The UKMEC, produced by the Faculty of Sexual and Reproductive Healthcare, provides evidence-based guidance for healthcare professionals on the safety of contraceptive prescribing in the presence of specific patient characteristics and medical conditions, including obesity, diabetes and hypertension.
The suitability of patients with these characteristics or conditions for different methods of contraception is ranked according to four categories:
- 1 - no restriction on use
- 2 - benefits generally outweigh risks
- 3 - risks generally outweigh benefits
- 4 - unacceptable health risk
New emergency contraceptive
The 2016 update sees several important changes to the guidance. In addition to the inclusion of new conditions such as rheumatoid arthritis, arrhythmias, bariatric surgery and organ transplantation, the emergency contraceptive ulipristal acetate (EllaOne) has been added.
Other conditions, such as Raynaud's phenomenon, have been removed (in the case of Raynaud's, expert opinion asserts that the risk is related to the underlying disease process rather than the condition itself). 'Unhelpful' split categories (eg, '3/4') have also been eliminated.
Guidance on postpartum contraception has been amended. The UKMEC now indicates that it is safe to use combined hormonal contraceptives in breastfeeding women over 6 weeks' postpartum (now category 2; previously category 3).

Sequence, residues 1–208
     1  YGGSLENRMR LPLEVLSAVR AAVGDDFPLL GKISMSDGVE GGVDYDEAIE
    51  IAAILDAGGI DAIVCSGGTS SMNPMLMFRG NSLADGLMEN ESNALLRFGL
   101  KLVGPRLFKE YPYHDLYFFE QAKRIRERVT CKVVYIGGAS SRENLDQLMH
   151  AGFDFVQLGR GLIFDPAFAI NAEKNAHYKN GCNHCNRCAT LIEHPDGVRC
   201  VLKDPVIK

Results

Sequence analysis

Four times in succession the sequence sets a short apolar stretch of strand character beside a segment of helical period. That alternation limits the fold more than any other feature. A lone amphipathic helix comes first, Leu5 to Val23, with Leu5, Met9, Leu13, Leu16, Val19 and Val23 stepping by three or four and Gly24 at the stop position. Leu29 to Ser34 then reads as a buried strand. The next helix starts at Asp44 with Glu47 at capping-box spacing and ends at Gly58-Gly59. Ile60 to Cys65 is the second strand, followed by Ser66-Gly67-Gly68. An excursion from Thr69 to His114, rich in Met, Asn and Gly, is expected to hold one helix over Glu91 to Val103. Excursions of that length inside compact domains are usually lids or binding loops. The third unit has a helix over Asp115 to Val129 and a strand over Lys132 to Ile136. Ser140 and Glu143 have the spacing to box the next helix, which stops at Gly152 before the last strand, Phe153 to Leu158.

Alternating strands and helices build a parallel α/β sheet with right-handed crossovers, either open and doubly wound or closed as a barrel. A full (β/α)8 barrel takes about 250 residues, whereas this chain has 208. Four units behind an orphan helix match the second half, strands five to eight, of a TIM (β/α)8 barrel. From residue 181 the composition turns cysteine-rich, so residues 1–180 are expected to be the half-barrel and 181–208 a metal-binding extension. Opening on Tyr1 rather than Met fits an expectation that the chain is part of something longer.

Finally, a list of criteria for the diagnosis of migraine has been added to the guidance, to help practitioners avoid restricting women in their contraceptive choices where this is unnecessary.
The new guidance has been welcomed by GP leaders. "At a time when GPs are facing intense workload pressures, the [updated] UKMEC will support GPs and give them the confidence that the contraceptive care they are providing is safe and tailored to the individual needs of the patient," said RCGP chair-elect and spokeswoman for women's health, Dr Helen Stokes-Lampard.